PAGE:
This is the story of my 1992 Oldsmobile Cutlass and its last ‘up-your cornhole!’
Fresh out of finishing school, I landed a job in Northern Ontario. Northern Ontario is the American equivalent of Fairbanks, Alaska or anywhere in Ohio. A hybrid of Quebecois, First Nations, Scandinavians and rampant alcoholism. But that’s for another day. It was a 250 mile trip from my current place of residence so I needed some wheels, man.
My Father, God bless him, who is great at obtaining automobiles for low prices, (gypsies) found me a steal of a deal. I was now the beaming owner of a silver Oldsmobile Cutlass. Before you get hard, this Olds was a Ciera -the old people kind of cutlass- and not the beautiful, two-door shit-kicker that we all know and love. Blasting Journey in my Cutlass just made me look like a fucking degenerate.
From August 2013 up until this previous asshole winter, I really had no problem with the car, other than the fact that it smelled of the elderly and that I kept finding dead wasps scattered about the backseat and glove box.
However, this particular winter in Northern Ontario was the winter from Hades. A really cold Hades.
The snow began to fall in November, and by my birthday on November 10th we had a foot, and it kept coming. By mid- December, the drifts on my lawn were as tall as my car. Speaking of the Cutlass, this is about the time it began to become a real dirty prick. The temperatures dropped before Christmas to around -30c at night, but because I am fairly dumb, I decided against plugging in my car.
One crisp winter’s morn, I awoke to a frozen piece of Grade ‘A’ Detroit shit.
Later that morning, I found myself asking the French Canadian with a toothpick in his mouth at the mechanics, which battery would fit my Cutlass. He responded with something unintelligible and pointed at a gumball machine. I said “thanks Lucien” and punched him in the throat so hard, the toothpick pierced the back of his uvula.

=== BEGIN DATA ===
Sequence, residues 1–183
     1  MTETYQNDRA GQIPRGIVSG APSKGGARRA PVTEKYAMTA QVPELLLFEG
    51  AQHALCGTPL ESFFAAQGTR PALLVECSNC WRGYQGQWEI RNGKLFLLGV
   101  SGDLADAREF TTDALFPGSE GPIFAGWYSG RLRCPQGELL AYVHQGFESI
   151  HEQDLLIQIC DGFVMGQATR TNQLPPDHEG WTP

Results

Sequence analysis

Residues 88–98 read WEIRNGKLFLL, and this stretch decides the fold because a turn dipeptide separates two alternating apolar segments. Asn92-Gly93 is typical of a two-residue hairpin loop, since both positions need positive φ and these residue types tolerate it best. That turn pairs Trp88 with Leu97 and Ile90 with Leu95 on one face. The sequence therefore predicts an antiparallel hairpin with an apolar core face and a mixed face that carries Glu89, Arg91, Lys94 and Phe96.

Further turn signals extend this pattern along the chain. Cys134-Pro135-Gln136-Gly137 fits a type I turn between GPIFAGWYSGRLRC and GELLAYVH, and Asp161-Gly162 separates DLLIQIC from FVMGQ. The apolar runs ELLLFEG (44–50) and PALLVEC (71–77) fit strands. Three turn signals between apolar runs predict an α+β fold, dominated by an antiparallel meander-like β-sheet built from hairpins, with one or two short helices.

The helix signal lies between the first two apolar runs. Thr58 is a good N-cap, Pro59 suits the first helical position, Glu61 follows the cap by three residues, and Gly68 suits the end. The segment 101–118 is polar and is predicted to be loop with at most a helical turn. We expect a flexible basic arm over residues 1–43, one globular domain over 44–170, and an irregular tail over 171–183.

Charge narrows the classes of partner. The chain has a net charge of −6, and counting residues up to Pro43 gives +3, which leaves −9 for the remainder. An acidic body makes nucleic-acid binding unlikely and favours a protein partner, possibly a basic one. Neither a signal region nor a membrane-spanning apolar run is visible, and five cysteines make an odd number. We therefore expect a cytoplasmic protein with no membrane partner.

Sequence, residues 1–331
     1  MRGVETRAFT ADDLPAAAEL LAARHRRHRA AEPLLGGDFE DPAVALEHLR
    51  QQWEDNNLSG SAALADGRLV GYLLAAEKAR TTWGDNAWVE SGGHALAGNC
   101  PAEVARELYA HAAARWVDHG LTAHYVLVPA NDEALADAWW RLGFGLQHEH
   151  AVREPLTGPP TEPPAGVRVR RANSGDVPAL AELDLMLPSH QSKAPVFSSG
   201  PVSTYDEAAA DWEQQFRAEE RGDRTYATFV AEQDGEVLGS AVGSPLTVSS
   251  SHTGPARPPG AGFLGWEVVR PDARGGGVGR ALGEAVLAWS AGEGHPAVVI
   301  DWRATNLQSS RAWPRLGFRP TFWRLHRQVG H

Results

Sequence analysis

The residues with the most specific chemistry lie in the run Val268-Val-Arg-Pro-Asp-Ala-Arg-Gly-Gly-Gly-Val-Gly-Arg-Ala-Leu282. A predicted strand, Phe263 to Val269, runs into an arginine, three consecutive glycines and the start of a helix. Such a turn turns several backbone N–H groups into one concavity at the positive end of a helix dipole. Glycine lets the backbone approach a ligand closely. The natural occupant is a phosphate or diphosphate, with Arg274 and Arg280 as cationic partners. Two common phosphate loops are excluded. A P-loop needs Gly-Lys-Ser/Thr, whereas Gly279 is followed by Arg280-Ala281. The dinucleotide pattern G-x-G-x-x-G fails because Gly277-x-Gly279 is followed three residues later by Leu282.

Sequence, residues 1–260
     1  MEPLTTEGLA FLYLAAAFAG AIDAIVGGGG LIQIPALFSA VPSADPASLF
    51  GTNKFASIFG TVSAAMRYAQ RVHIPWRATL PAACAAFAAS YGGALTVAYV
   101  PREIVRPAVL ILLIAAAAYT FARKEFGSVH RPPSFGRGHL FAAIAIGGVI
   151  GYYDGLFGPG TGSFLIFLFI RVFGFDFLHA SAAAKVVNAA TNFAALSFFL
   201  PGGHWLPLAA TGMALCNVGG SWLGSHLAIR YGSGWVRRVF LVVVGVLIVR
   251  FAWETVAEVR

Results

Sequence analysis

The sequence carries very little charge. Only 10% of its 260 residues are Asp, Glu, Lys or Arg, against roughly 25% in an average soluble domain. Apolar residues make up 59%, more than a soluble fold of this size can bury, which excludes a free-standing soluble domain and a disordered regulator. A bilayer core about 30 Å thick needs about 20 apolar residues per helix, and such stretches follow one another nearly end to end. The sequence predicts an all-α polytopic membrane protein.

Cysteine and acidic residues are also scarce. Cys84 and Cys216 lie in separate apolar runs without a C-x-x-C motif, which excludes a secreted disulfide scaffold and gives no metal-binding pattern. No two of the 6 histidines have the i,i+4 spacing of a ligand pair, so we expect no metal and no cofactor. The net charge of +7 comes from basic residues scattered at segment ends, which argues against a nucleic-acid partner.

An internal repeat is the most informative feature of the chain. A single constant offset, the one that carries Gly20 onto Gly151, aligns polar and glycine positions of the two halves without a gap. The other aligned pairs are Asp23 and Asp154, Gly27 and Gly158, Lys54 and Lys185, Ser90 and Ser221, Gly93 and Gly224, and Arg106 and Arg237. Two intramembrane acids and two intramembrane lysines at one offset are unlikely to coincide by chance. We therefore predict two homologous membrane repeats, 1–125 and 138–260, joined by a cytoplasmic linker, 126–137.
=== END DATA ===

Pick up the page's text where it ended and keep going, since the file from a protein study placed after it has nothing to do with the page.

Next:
He died instantly.
The rest of December proved uneventful.
Around the beginning of January, my car stopped starting altogether. For a week it was about -25c or so, but warmed up, and so did my car. One glorious morning, it started again and I settled in for a long, arduous venture to Toronto – a 4-hour drive. As I was driving on one of our Province’s lovely thoroughfares and listening to some Electric Light Orchestra, the car decided that it was tired and needed to lie down. So it did so in the middle of rush hour traffic, stalling in the centre lane.
Don’t Bring Me Down, indeed.
Channelling my inner Father, I got out, popped the hood, hit the thingy with a thing, moved a lid for something and checked my dip-thing. Through some sheer act of God, the car started and I was able to get home in time for Jeopardy.
Mid to late January arrived in the Northern climes, ushering in temperatures not seen in years. -40c stuck around for a week, and guess what else stuck around…my 1992 Cutlass Ciera. The car was literally and figuratively frozen to the driveway. It is so fucking cold, that the air in your tires freezes, transforming your wheels into sad squares. It’s the greatest thing you’ll ever see. It feels like you’re riding on a horse; a horse whose windshield freezes over forcing you to stick your head out of the window.